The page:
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Symptoms of the Most Common Corn Ear Rots


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common corn ear rots

Corn ear rots can cause serious damage to farmers by reducing the quality of seed obtained from harvesting cobs and implicitly by reducing the revenue received. It’s very important for everyone working in agriculture to be able to identify these diseases of the corn ear, which are responsible for the formation of those toxic compounds that are known as mycotoxins in the grain of corn.

Even when farmers try their best to prevent the occurrence of corn ear rots, most corn disease that affect ear corns are very common, because they are favored mainly by weather conditions (drought, heat, heavy rain etc.) Therefore, it’s necessary to be aware which are the most common ear rots that affect corn crops, in order to ensure prevention or to do some damage control in the case of affected crops.

Aspergillus corn ear rot

Aspergillus ear rot

Aspergillus is one of the most common corn ear rots. Usually, it’s caused by the fungus Aspergillus flavus, but it’s also possible to notice other Aspergillus species on corn cobs. Aspergillus produces aflatoxin, a particularly harmful toxin (it’s carcinogenic), affecting the crop quality of corn. All farmers are required to follow strictly the occurrence and/or evolution of Aspergillus, because aflatoxin it’s not allowed to be found in products for human consumption.

Aspergillus survives the winter on plant debris, and the disease manifests itself by the end of pollination. High temperatures and high humidity favor the development of the fungus. Drought, nutrition deficiencies or insect attacks are other favorable causes for its development. The fungus can infect the corn ear and produces aflatoxin after its physiological maturity, particularly when there are heavy rains falls during harvest season. It’s very important to know that corn seeds which seem to be healthy on the surface may contain aflatoxin.

How to recognize Aspergillus? Aspergillus is manifested as an olive-green mold enveloping corn kernels. The spores of the fungus look like a powder and may spread in air when the corn is husked. Most commonly it can be seen on the top of the corn ear, but it can also infect other parts of it too, all the way to the bottom.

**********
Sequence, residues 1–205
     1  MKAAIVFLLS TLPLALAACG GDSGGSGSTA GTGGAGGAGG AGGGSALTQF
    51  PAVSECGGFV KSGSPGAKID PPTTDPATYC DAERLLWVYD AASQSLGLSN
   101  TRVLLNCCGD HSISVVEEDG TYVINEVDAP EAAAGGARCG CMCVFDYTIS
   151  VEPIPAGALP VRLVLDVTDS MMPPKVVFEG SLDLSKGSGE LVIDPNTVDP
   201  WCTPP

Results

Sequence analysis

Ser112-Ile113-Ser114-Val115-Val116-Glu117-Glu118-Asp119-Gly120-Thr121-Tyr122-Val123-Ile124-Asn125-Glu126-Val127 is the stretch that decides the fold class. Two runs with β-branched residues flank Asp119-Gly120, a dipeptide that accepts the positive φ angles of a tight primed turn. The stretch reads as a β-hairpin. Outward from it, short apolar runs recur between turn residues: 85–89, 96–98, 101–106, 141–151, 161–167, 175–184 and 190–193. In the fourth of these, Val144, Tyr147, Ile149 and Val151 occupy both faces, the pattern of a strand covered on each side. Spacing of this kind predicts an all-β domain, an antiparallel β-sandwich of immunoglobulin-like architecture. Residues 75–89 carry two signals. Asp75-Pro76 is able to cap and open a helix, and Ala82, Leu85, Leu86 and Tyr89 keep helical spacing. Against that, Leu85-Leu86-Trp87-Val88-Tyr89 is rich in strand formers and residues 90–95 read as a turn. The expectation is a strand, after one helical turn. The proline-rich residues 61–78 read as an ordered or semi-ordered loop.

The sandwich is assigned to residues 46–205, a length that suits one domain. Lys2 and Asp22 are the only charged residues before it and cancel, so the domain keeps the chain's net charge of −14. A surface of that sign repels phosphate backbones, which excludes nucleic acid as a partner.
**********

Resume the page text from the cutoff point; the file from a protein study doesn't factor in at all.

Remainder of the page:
How does Aspergillus affect corn crops? When Aspergillus attacks a corn crops, the yield is usually already reduced because of the drought stress. The fungus may reduce the weight of the infected kernels. The production of aflatoxin is variable, but it most likely occurs under drought and heat conditions. The corn must be tested in order to determine whether aflatoxin is present, as there is no method to eliminate the toxin from infected corn. Aflatoxins are dangerous because they are not destroyed through fermentation, and will be concentrated in dry distilleries grain, which strongly affect the commercial value of the yield.

Fusarium corn earn rot

Fusarium ear rot

Fusarium verticillioides is the main culprit of this disease. The fungus survives in vegetable debris and spreads very rapidly through spores with the help of wind. It can infect both seedlings and small beans barely formed in milk; it can develop in the stem or in the corn ear without producing obvious symptoms. Most aggressive Fusarium infections can occur in warm areas, where insect attack or hail are present, or when there is any other form of injury to the corn ear.

Although the effects on yield are limited, damage by the toxin produced by the fungus developed (fumonisins) can affect both animal and human health. High concentrations of the mycotoxins can be found in crops where high temperatures combined with excessive humidity persist around the harvesting period.

How to recognize Fusarium? Fusarium infected seeds can be found dispersing or grouped, in which case it’s possible to most likely recognize the attacks of pests (Ostrinia, Helicoverpa) between the rows of seeds. Grains attacked by Fusarium can have a purple, light brown or dark brown color. When the fungus becomes visible at the surface of the grains, they acquire a white or pink hue. In some cases one might see on the surface of infected seed white striations, caused by the pathogen development in the corn grain.